Another bothersome issue is the necessary action needed to ensure reduction of this scourge, which in itself will serve as a reference for determent. The Penal Code provides that rape is a criminal offence that is punishable by imprisonment of up to 14 years, which can be combined with a fine; and up to 7 years and a fine in the case of a child-related sexual assault (defilement); the Criminal Code in Section 358 provides that rape is punishable by “life imprisonment” with the possible addition of caning. If these punishment were assiduously followed, perhaps we might allude to its sufficiency in causing determent, but where bail is granted, in such ridiculous amount as may be easily afforded, then the Law is not only giving room for more incidences of rape, it is also not ensuring proper justice that should be accorded to the weight and innumerable consequences of the offence. This explains why a Nigerian pedophile who recently raped a 3-year-old was granted bail on a N250,000 surety! What is this amount compared to what is to be achieved if adequate corrective measures were taken?

The seeming unending length of time used in adjudicating criminal (and other) matters in Nigeria’s judicial system is another cause for concern; yet, more disturbing is the ‘burden of proof’ that is primarily on the culprit. Since a criminal is presumed innocent until proven guilty, the onus therefore rests on the victim – the prosecution – to evidentially convince the judge, beyond every reasonable doubt, that she has been raped by the culprit – the defendant. And in situations where the prosecution is unable to sufficiently prove the defendant’s guilt, the Law has not empowered the Judge to draw inferences regardless of obvious and personal conviction.

Another deeply bothersome issue is in proving the guilt of the defendant, where the victim is required to provide evidences demonstrating the criminality of the defendant and the innocence of the prosecution. This entails that the victim must immediately report to the police and get a medical report from a government-run hospital, which is the only forensic evidence that is admissible. How practical is it for a victim go to the Police station immediately after a rape incidence? What is there is not around? What happens where there is no government-owned hospital around the vicinity of the incidence? Where there is one, the victims would have to pay for such reports, and most likely wait on a long queue to be attended to. What if she doesn’t have money at that time? What if she needs to urinate, as is the case after a sexual intercourse? Does this mean admissible evidences would be destroyed? Realistically, how will an already-shattered victim be coordinated enough to go to the hospital, when the first thing she might want to do is to sort herself out, get herself to a safe place, and wash off. Yet, the cogency, hence admissibility, of the evidence is threatened if the victim washes herself (mouth, body, clothes), drinks liquid, urinates, or takes any other bodily action. What happens to a 9-year-old who doesn’t even know what to do and her parents did not noticed on time so as forensic evidences can be gathered? Shouldn’t these evidential demands be reviewed to give room for realities?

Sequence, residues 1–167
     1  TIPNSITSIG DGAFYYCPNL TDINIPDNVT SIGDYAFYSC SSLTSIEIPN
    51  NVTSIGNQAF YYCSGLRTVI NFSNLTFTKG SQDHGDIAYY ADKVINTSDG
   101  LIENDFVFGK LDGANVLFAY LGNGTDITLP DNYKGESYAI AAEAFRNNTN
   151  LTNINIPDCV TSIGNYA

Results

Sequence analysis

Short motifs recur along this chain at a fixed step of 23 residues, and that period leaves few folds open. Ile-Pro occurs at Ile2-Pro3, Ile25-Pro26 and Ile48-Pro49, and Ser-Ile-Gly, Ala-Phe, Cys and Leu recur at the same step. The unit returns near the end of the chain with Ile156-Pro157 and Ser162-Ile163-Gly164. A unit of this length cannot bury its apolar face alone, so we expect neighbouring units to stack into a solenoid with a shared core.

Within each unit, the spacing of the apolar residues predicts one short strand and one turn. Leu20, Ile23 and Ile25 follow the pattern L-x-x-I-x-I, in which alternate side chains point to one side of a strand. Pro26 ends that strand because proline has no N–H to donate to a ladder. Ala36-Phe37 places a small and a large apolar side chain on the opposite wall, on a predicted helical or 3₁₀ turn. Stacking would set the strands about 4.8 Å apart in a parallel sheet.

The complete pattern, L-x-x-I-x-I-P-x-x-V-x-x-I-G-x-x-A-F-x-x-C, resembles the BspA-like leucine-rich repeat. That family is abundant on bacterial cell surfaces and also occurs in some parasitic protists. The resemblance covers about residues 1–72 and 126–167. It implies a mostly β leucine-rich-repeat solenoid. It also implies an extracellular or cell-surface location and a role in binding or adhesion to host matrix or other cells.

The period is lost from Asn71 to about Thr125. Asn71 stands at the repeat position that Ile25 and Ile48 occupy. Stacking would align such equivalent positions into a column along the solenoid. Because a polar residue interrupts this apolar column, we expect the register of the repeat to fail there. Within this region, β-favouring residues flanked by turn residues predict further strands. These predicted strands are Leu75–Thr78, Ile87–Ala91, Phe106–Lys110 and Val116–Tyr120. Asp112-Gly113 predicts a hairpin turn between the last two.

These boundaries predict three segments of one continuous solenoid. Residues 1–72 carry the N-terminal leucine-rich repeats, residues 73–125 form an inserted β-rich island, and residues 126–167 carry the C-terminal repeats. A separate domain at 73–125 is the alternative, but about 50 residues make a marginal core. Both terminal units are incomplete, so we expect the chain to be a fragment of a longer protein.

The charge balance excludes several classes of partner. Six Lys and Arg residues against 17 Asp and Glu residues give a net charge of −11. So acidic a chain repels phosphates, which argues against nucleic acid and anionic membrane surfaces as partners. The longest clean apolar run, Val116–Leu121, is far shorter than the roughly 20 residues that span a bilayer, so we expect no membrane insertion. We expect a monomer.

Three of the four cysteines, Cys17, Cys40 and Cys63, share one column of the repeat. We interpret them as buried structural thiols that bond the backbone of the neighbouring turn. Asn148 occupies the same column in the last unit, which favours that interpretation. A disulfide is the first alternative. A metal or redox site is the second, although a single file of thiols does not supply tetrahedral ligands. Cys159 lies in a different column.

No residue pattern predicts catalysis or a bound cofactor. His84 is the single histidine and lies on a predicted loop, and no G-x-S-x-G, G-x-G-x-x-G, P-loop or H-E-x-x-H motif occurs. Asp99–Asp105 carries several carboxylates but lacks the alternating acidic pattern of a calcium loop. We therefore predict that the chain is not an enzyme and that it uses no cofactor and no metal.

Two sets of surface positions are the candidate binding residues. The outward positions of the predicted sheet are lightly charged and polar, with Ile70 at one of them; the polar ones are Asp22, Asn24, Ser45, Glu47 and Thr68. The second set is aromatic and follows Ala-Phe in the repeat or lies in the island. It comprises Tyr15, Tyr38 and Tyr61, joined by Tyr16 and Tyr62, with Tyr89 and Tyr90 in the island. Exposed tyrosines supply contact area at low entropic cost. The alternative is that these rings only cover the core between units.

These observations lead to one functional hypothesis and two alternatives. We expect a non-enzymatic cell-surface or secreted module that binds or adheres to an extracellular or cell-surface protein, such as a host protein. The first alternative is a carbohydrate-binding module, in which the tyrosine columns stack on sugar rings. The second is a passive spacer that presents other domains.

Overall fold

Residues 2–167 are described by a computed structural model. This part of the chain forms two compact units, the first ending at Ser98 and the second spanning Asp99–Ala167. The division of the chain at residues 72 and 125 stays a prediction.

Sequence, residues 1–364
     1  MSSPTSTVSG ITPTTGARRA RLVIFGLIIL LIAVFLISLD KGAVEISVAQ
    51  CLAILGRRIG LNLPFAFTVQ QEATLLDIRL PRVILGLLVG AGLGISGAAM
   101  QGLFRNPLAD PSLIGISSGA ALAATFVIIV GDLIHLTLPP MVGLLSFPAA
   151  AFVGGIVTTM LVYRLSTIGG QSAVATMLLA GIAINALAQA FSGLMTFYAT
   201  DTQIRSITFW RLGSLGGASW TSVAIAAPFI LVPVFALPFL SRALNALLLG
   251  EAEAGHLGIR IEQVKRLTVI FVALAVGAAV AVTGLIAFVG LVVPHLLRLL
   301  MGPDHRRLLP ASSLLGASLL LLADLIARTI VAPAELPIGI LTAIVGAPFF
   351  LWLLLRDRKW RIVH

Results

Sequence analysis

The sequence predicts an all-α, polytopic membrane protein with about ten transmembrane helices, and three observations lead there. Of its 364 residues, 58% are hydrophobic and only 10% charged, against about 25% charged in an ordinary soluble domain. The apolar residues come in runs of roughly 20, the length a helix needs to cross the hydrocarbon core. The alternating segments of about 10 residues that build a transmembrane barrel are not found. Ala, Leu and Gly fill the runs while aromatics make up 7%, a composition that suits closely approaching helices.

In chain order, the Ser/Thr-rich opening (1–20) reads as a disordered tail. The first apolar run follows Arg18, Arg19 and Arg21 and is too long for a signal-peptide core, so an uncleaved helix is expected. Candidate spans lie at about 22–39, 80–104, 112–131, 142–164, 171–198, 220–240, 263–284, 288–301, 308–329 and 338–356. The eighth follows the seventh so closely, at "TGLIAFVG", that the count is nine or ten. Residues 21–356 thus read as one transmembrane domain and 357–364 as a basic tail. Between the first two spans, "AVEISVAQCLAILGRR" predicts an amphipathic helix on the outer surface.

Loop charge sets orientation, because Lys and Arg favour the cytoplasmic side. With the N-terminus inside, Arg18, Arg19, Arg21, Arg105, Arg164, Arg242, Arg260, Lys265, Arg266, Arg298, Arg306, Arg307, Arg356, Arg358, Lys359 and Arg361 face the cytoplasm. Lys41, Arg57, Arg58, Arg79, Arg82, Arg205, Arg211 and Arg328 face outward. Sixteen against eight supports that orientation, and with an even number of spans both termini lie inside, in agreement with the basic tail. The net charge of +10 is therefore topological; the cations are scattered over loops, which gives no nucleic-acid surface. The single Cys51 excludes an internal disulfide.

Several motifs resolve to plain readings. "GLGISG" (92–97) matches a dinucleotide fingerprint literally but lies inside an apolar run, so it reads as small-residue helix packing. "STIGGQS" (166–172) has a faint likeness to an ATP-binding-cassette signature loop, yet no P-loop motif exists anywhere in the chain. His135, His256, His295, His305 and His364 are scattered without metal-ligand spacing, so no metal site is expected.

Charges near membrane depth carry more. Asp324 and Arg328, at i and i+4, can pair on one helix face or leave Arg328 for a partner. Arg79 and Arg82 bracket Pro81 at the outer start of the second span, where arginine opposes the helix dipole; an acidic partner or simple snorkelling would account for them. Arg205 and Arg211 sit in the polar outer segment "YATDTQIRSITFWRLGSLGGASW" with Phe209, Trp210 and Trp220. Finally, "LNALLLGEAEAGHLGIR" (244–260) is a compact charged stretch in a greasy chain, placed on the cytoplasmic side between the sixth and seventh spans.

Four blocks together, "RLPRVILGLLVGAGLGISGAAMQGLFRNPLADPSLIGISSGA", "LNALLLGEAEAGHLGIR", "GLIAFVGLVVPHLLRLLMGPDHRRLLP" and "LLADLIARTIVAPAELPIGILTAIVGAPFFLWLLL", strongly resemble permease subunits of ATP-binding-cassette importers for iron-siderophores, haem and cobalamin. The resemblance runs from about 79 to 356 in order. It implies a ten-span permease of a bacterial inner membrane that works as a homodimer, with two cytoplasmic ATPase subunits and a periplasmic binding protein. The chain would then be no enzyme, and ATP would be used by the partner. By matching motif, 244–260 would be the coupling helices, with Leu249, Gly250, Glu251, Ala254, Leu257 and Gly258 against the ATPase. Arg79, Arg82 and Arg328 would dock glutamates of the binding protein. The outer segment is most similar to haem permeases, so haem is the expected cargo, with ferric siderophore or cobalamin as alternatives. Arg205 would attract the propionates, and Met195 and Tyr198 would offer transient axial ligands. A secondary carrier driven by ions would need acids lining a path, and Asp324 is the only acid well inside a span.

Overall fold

It is imperative, therefore, that other than sensitizing relevant stakeholders, it is of utmost expedience that the provisions of the Nigerian Law and other practices be amended to accommodate present-day realities, as well as ensure Nigeria’s conformity to international Human Rights laws as it bothers on rape, molestation, defilement, incest, and other sexual-related abuse; without which we will only be trying to kill a lion with a razor blade.

This is the time for action!


Bukky Shonibare

Bukky Shonibare

Bukky Shonibare is the Group CEO of “The 555 Group” owners of 555 Consulting Limited (Human Resource Management, Operations Management, and Strategy); 555 Foods (owners of ‘Beans City’); 555 Impact Centre (Training & Development); and 555 Foundation (Corporate Social Responsibility with focus on promoting Entrepreneurial Development, Personal Development, and Poverty Alleviation).Bukky has a Certificate in Journalism and Creative Writing from the London School of Journalism, UK; Diploma in Secretarial Administration; and dual Certificates in Entrepreneurial Development and Social Sector Management from the Pan African University, Nigeria. Read her full profile here

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Rotimi Olawale, co-founder of is a youth development expert. For more than six years he has been involved in leading youth advocacy efforts mainly around the Millennium Development Goals. In 2006, he represented Nigeria as a youth ambassador at the United Nations Global Youth Leadership Summit held at the UN Headquarters in New York. Rotimi has held several global leadership positions including; member, UNFPA Global Youth Advisory Panel for 2 years; member, African Youth Panel. Rotimi is currently involved in shaping local, national and global policies to benefit youth and also leverage opportunities for young people. He was listed by the Nigerian government as one of 15 Nigerian youth on the world stage in 2008.